THE founder of a project to protect African elephants from poachers who has been awarded an MBE has paid tribute to the courage of colleagues who have died battling the ivory trade.

The Uganda Conservation Foundation said it was delighted that Michael Keigwin, of Masham, North Yorkshire, had been named in the Queen’s New Year’s Honours List, for his contribution to wildlife conservation.

The award for Mr Keigwin, whose father was the chief executive of the Yorkshire Agricultural Society in the 1990s, comes 19 years after he helped create the Elephants, Crops and People project in the southern Queen Elizabeth National Park, Uganda, to boost the region’s wildlife after five decades of war and rebel activity.

The scheme focused on improving understanding the ecology of the surviving elephants and their movement patterns, and stopping, as best as possible, what was Africa’s most intense elephant crop raiding.

To bankroll the project, the former Durham University student raised funds by staging events ranging from eating the hottest curry in the world in Newcastle, to running half marathons in gorilla suits, to selling Christmas cards and hosting talks, parties and a ball in Harrogate.

As a result of the project with the Uganda Wildlife Authority, elephant crop raiding was reduced by 90 per cent.

To further this work, Mr Keigwin, set up the Uganda Conservation Foundation in 2001 to provide umbrella support and services to help the Uganda Wildlife Authority improve its conservation work.

In 2011, he resigned from his job as a consultant at financial firm Deloitte to help recover Murchison Falls National Park, which was under siege from poachers.

A foundation spokesman said: “Today, the park is back to a full recovery; wildlife numbers are growing exponentially and tourism is flourishing.

“His support has included the creation, equipping and training of UWA Veterinary Response, Marine Ranger and Mobile Anti-Poaching Units, as well as the Veterinary and Analytics Lab in Murchison Falls.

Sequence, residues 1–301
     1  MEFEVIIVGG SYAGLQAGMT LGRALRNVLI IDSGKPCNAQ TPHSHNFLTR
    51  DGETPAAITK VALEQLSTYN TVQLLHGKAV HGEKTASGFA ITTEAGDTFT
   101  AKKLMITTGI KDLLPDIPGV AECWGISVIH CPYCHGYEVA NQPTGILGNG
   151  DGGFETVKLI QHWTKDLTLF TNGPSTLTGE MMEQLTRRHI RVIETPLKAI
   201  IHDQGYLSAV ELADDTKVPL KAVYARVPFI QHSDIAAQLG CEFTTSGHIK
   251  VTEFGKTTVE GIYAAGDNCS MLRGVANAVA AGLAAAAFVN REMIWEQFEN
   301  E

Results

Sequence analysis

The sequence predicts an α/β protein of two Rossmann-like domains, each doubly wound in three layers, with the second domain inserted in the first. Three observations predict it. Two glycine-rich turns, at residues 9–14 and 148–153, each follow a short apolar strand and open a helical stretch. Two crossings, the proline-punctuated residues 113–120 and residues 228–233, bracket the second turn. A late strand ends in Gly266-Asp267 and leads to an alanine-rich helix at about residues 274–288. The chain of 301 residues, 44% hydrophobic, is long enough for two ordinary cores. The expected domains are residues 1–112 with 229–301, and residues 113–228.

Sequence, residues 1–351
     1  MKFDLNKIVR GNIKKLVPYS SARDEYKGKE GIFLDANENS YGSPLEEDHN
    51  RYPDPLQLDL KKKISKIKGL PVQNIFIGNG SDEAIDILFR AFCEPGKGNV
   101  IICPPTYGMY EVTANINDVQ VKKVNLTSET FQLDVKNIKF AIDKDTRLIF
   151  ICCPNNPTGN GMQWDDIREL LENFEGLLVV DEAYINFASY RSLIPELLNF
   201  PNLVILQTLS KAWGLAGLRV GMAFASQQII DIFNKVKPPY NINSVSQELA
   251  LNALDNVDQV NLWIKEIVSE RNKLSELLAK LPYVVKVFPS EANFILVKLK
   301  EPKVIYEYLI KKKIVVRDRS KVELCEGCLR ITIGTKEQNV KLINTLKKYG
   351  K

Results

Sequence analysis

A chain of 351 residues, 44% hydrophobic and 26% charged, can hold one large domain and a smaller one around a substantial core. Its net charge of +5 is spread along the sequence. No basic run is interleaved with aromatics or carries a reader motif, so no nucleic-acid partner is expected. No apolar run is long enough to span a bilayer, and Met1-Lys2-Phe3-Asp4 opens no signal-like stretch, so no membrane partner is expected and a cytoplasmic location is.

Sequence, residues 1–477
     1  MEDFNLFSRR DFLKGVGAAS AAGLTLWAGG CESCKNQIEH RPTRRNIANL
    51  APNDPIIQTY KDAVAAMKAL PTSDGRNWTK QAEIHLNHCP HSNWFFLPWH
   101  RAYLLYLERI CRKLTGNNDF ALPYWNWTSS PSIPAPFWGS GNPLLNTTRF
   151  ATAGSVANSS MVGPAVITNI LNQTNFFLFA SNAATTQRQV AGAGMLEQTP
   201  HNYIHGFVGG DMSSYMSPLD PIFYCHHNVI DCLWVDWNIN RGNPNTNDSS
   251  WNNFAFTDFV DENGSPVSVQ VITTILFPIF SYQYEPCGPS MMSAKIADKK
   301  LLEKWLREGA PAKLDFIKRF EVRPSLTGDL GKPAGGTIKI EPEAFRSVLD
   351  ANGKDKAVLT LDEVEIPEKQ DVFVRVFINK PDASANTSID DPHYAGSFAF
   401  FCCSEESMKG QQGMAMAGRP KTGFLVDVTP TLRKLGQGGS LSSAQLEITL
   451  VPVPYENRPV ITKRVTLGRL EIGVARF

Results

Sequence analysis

“Michael also supported Dr Sam Wasser, of Washington University, profile the DNA of elephants throughout the region, providing authorities with concrete evidence of where any captured ivory originated from and if, when found, it proved to be from the park it showed the areas poachers were targeting and where smuggling routes were active.”

The foundation said Mr Keigwin had also helped develop a law enforcement and intelligence tool, which has resulted in poacher prosecution rates of over 95 per cent being achieved - the highest in Africa.

A foundation spokesman said: “The award is well deserved, and we are all extremely proud of his achievements.”

Speaking about the honour, Mr Keigwin, a Masham Cricket Club supporter, said he had had the privilege of working with “some of the most kind, remarkable and brave people”.

He said: “Some have died or been killed in the line of duty, including 107 rangers in the Virunga National Park. I can’t thank enough those who have helped me support the men and women on the frontline of conservation and development, and create the Uganda Conservation Foundation.

“It is exciting to know we have a wonderful organisation that can attract and help manage support to vital and exciting projects, helping others projects that would otherwise simply not have a chance. UCF is about helping others – and enabling expeditions, research and projects to happen.”